Driving Efficiencies in Well Intervention Operations
- Yee Tzen Yong (Halliburton) | Yusri Azizan (Halliburton) | Azemi Leong (Halliburton) | Yan Song (Shell) | Rudzaifi Adizamri Abd Rani (Shell)
- Document ID
- Society of Petroleum Engineers
- IADC/SPE Asia Pacific Drilling Technology Conference and Exhibition, 27-29 August, Bangkok, Thailand
- Publication Date
- Document Type
- Conference Paper
- 2018. IADC/SPE Asia Pacific Drilling Technology Conference
- 5 Reservoir Desciption & Dynamics, 5.3 Reservoir Fluid Dynamics, 1.7.5 Well Control, 1.10 Drilling Equipment, 1.10 Drilling Equipment, 5.3.4 Integration of geomechanics in models, 3 Production and Well Operations, 1.7 Pressure Management, 3 Production and Well Operations, 1.6 Drilling Operations, 5.4.6 Thermal Methods
- offshore, vessel, driving efficiency, Coiled Tubing, Well Intervention
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- 78 since 2007
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|SPE Member Price:||USD 9.50|
|SPE Non-Member Price:||USD 28.00|
Brunei offshore platforms are home to hundreds of maturing wells in need of ongoing interventions. Offshore operations in Brunei face several obstacles, (i.e., weather conditions, ageing platform facilities, limited lifting capability, and limited workspace), as well as tight work schedules that make the work challenging.
As with other mature fields, the Brunei wells need high efficiency operations to reach production targets. These challenges can be addressed with a purpose built compact semi-submersible vessel (CSS) with dynamic positioning (DP 2) equipped with a full catenary coiled tubing unit, a pumping unit with flowback capability, and a dedicated slickline unit.
Dual hull design with a compensated gangway increases the weather working envelope of the vessel. The coiled tubing catenary system with a reel turntable helps enable coiled tubing unit flexibility during rigup and work under varying weather conditions. Integration of the vessel and the coiled tubing unit helps enable a 24/7, 365 day work unit.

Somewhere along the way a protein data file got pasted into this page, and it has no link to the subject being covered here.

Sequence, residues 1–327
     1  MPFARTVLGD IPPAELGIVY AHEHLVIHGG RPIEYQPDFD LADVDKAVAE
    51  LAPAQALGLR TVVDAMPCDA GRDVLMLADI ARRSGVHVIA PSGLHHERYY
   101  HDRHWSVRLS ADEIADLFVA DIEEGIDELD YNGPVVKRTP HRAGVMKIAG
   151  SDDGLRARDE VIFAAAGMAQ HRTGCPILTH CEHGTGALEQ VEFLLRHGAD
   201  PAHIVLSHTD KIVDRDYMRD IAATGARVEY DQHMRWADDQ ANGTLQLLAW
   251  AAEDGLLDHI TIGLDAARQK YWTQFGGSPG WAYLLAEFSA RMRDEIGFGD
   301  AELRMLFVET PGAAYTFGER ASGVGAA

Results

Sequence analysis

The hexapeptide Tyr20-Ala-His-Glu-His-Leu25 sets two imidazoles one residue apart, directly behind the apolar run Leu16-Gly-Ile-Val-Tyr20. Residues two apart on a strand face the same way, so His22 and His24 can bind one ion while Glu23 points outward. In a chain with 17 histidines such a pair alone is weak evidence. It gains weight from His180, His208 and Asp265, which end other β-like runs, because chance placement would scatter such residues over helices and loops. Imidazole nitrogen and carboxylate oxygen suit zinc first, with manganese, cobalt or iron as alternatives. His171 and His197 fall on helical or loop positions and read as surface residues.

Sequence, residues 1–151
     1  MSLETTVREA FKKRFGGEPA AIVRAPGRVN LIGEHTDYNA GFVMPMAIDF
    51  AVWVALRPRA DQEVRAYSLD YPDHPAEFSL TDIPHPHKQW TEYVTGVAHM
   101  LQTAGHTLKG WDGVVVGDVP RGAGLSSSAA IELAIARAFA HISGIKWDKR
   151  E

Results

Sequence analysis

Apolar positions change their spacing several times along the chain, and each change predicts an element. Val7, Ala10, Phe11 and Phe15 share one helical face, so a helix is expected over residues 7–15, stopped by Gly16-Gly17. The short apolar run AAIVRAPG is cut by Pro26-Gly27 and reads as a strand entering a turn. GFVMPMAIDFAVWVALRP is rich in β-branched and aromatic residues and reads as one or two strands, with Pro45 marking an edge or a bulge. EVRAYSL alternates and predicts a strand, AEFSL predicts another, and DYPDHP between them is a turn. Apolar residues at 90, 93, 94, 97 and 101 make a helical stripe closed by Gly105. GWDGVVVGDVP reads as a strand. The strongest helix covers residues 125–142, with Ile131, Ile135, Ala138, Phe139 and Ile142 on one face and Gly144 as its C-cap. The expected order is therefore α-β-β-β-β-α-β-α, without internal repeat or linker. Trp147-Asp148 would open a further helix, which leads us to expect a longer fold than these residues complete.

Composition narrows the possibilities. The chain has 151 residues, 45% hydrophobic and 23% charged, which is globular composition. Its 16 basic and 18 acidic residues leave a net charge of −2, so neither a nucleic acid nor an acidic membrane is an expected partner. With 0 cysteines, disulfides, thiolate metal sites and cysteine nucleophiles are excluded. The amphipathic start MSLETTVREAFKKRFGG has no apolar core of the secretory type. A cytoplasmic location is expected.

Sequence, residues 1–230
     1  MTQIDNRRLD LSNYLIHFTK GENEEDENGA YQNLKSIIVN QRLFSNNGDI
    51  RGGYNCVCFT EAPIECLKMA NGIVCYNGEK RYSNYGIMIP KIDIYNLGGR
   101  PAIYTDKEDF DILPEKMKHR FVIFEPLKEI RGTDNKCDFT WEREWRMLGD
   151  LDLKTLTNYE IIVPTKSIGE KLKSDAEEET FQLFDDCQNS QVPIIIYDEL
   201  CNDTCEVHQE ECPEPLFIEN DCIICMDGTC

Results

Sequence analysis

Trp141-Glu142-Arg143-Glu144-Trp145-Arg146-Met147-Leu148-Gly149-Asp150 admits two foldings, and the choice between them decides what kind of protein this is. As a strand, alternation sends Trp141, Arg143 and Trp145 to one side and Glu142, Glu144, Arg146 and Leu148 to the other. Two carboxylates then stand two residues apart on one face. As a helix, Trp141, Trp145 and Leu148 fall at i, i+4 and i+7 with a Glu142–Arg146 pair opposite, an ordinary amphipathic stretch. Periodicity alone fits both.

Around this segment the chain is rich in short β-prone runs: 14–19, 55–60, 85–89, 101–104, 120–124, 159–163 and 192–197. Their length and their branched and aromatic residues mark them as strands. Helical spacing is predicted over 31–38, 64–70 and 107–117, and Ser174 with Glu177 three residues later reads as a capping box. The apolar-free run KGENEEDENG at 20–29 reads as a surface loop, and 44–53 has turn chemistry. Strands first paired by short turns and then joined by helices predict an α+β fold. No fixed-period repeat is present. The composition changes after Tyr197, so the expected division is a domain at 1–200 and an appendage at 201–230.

Average downtime caused by weather decreased by up to 10%, averaging 8.5% in 2 years, compared to previous work vessels with an average between 15 and 18% downtime because of weather.
Further efficiency improvement is gained through use of fit for purpose equipment. A 35 ton jacking frame helps enable injector and pressure control equipment stack up to be made up, function, and pressure tested offline. A small footprint flowback package was introduced that reduced the total number of lifts from 12 to 6, saving two hours lifting time per rig up/down. Overall rigging up time was reduced by approximately 20% with the improvements to equipment setup.
The reduced equipment necessary on the platform enabled wireline and coiled tubing to operate concurrently. This enables 24 hour wireline interventions to be executed offline more efficiently. Time savings for intervention completion were approximately 62%. This setup enables more efficient use of existing resources to complete the work scope.
The setup, collaboration, and execution on the vessel demonstrate the opportunity for improvement, which is important under current industry conditions, and help enable a cost effective yet robust operation.
|File Size||1 MB||Number of Pages||10|